Conserve Wildlife Blog

Marine debris: Post-Sandy

August 26th, 2013

Is there more debris on coastal saltmarshes?

by Ben Wurst, Habitat Program Manager

Use the tennis ball as a reference point...

Use the tennis ball as a reference point…

Last year I started collecting trash and marine debris that I found at osprey nests along the Atlantic Coast. I’ve always removed trash from nests, especially trash that can harm an osprey through entanglement. Now it’s collected to use as an educational tool to make people more aware of the amount of trash that winds up in our waterways.

After seeing the devastation that Superstorm Sandy caused to our coast I immediately thought there would be an onslaught of debris found in osprey nests this year. While there was debris everywhere on coastal marshes immediately after the storm, only a little more was found in and around osprey nests (this year I surveyed 130 nests vs. 112 in 2012). There was not a significant difference (that I saw from 2012 to 2013, which is really good news). We have to give credit to all the volunteers and FEMA workers who helped to cleanup our coastal marshes after the storm hit.

Ospreys are known to collect and use trash as nesting material throughout their range. Here in New Jersey, we’ve seen the impacts of trash and marine debris, specifically plastic, on ospreys and their young from the many live streaming cameras at nests. It’s a silent killer that is becoming more and more of a problem in our coastal waterways.

In late June and early July, volunteer “Osprey Banders” and state biologists set out to survey most of the known osprey nests along our coast. I cover areas from as far north as Oceanport and Monmouth Beach south to Absecon and Atlantic City. At 130 nests I collected trash that I found in and around active nests. By “around” I mean directly under the nest or in the area we had to walk to get to the nest from a boat. As you can see almost all of the trash is plastic. The pile pictured above is around 72-80″‘ in diameter and 12″ high in the center. Plastic sheeting/bags are the most commonly found item along with rope, ribbon, monofilament, twine, balloons, clam bags, plastic mesh, single use plastic water bottles, rigid foam,  a small shovel, flag, and the infamous net from a nest at Forsythe NWR. What else do you see?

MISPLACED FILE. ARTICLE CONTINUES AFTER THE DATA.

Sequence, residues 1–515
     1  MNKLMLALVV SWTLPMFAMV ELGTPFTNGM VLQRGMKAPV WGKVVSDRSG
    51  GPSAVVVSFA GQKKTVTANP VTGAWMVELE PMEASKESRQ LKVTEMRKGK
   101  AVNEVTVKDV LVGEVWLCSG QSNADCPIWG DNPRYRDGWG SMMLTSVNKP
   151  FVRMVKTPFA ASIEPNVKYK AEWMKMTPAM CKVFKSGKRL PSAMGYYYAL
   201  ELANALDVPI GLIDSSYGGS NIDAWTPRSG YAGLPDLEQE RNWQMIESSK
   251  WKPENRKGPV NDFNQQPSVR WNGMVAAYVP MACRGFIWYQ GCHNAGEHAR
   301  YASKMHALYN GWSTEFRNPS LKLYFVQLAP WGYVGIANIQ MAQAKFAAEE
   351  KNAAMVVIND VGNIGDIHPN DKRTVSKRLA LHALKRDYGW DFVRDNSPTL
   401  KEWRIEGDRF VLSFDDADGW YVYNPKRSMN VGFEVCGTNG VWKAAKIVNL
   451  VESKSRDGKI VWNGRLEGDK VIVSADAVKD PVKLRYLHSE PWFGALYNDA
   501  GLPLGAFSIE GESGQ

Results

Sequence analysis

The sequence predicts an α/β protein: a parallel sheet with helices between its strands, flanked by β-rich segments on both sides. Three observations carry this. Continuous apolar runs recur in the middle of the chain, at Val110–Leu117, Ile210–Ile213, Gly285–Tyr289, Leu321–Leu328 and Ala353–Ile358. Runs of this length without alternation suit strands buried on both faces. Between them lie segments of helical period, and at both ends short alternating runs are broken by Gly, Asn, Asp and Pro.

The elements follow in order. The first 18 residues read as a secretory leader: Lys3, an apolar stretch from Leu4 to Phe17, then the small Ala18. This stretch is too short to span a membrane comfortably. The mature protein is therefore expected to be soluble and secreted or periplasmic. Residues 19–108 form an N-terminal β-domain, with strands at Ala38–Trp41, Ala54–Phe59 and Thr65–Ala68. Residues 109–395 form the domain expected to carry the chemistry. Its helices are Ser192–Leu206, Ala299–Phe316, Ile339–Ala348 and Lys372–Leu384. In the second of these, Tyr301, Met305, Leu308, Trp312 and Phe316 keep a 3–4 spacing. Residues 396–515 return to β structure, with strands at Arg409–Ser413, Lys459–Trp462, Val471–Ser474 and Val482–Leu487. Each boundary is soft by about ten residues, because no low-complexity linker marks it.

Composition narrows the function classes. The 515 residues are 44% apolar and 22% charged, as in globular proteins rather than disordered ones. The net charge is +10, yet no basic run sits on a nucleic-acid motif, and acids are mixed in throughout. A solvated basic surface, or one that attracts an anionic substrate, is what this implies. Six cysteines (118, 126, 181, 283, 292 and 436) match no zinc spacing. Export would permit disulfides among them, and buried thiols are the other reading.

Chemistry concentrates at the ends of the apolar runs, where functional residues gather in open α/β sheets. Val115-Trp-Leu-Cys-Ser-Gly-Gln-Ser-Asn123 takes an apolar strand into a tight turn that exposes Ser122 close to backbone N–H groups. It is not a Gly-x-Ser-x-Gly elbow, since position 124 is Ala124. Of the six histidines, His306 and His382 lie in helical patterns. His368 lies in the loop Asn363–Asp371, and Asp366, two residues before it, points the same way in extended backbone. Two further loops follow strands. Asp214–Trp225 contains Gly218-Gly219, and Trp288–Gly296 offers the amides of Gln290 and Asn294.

We’re not really sure why ospreys choose to use trash as nesting material but our best guess it that it is plentiful in the environment. One fact is that most ospreys collect nesting material from within view of their nest. Since debris and the natural nesting material (sticks, eelgrass, and grasses) tend to end up in the same high marsh areas, then they take and use it all. Another thing that might make some of the shiny plastics are more desirable to them is that some birds can see further into the UV spectrum of light so theses types of items might appear differently and be more attractive to them. We don’t yet know if trash plays any sort of role in their reproductive cycle but it is unlikely.

We do know that plastic and marine debris is a big problem and it can kill or harm many different forms of life. It is a global problem affecting everything from the environment to the economy; from fishing and navigation to human health and safety; from the tiniest coral polyps to albatross and giant blue whales. Marine debris also comes in many forms, from a cigarette butt to a 4,000-pound derelict fishing net.


Although marine debris is found worldwide, we can all help with the smallest actions to reduce the amount of debris found along our coastline. Reduce the amount of trash you produce, reuse what you can’t recycle, recycle things that can be repurposed into new goods, and participate in local beach or stream cleanups. If we each do a little, together we can make a big difference.




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